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The year was 1972 and Capt. Sam Stokes was busy preparing his new charter boat, the ‘Fight-n-Lady’ for the upcoming season at the Oregon Inlet Fishing Center. Young Capt. Stokes was still working feverishly to finish outfitting the brand new vessel, which he had custom built on Roanoke Island by Sheldon Midgett. Sheldon, or ‘Papa Shel’ as he was known to most had delivered the boat to Sam with everything pretty much ready to go. However, when a boat builder turns the finished vessel over to the skipper or owner, the boat still has to be outfitted to fish.

This is how Capt. Sam found himself, down at the dock on the first day of May, feverishly trying to install outriggers, and fighting chairs, working on all the new tackle and otherwise working to finish the outfitting in time for his first charter coming up in just a few days.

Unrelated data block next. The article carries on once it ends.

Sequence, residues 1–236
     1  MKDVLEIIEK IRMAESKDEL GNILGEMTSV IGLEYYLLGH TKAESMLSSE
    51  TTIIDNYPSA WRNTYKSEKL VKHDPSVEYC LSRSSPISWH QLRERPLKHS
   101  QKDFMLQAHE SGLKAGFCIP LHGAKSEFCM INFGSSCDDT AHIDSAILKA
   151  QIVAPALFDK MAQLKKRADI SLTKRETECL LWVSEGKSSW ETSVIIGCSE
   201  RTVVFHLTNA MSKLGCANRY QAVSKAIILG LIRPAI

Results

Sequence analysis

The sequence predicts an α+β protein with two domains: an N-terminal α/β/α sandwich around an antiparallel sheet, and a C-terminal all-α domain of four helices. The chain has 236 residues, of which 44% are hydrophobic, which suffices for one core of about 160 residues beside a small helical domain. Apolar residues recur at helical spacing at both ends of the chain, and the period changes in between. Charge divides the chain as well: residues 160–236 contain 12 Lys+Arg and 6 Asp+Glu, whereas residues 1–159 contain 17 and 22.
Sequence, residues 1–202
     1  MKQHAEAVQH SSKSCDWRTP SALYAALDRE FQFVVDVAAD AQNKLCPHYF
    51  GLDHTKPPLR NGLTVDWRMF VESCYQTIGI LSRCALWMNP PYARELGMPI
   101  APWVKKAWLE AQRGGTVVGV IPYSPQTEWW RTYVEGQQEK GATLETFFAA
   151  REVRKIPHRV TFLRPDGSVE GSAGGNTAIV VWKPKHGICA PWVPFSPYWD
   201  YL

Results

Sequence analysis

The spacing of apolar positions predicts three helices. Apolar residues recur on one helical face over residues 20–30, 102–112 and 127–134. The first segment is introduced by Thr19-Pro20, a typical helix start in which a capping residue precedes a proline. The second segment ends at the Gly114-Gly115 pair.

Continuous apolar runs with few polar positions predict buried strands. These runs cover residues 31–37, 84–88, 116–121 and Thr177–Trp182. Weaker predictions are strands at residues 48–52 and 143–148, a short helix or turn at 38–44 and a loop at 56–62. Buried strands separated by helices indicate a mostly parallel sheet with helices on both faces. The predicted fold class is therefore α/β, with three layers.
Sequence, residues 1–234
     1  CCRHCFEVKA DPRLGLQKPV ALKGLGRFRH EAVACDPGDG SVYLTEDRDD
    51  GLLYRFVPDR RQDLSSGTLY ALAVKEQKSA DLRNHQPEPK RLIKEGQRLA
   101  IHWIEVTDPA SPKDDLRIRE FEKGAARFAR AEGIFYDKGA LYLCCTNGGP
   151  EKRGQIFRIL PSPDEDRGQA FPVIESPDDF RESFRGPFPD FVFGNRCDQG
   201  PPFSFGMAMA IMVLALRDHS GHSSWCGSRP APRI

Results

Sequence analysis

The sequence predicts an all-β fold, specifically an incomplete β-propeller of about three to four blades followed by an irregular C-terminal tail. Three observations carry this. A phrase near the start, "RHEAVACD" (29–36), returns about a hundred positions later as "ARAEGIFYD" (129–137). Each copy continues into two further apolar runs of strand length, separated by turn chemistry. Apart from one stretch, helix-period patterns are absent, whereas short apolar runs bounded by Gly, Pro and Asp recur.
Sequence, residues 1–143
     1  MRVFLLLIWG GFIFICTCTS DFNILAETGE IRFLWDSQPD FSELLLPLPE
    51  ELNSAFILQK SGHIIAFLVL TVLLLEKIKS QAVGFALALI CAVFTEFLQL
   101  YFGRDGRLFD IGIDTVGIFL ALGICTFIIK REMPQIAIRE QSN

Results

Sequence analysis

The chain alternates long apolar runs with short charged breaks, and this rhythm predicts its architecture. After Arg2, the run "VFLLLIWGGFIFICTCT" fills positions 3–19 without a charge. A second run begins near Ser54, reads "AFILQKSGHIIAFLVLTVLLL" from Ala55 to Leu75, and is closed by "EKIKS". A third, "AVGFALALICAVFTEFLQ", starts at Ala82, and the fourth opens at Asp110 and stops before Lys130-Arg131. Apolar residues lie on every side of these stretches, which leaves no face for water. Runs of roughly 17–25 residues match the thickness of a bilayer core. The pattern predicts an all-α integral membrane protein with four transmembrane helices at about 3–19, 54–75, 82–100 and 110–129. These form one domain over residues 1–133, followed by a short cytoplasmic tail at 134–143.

He had only one outrigger on the boat and no fighting chairs when a group of men walked up to the stern of the Fight-n-Lady and asked Sam if he would take them fishing the next day. Sam tried to explain that the boat wasn’t really ready to go fishing but the men had heard that Sam was the best in the business and they insisted that they didn’t mind if everything was completely ready to go. So Sam agreed to take them the next morning and quickly set about trying to beg, borrow or steal enough stuff to go to the bluewater.

The next morning found them pulling away from the Oregon Inlet Fishing Center before dawn. They had mustered enough stuff to go fishing, including a couple of portable folding fighting chairs and all the tackle from Sam’s garage where it had been sitting all winter. They cleared the sea bouy and set a course of about 150 degrees. Their plan was to go fish the rocks southeast of the Diamond Shoals light tower some 50 miles away.

When they got to the gulfstream they found conditions to be good. The sea was calm and there were birds and all kinds of marine life to be found. Soon they began catching blackfin tuna and continued to do so all through the morning and into the afternoon. By all accounts this maiden voyage was a successful one, but the real action was yet to come!


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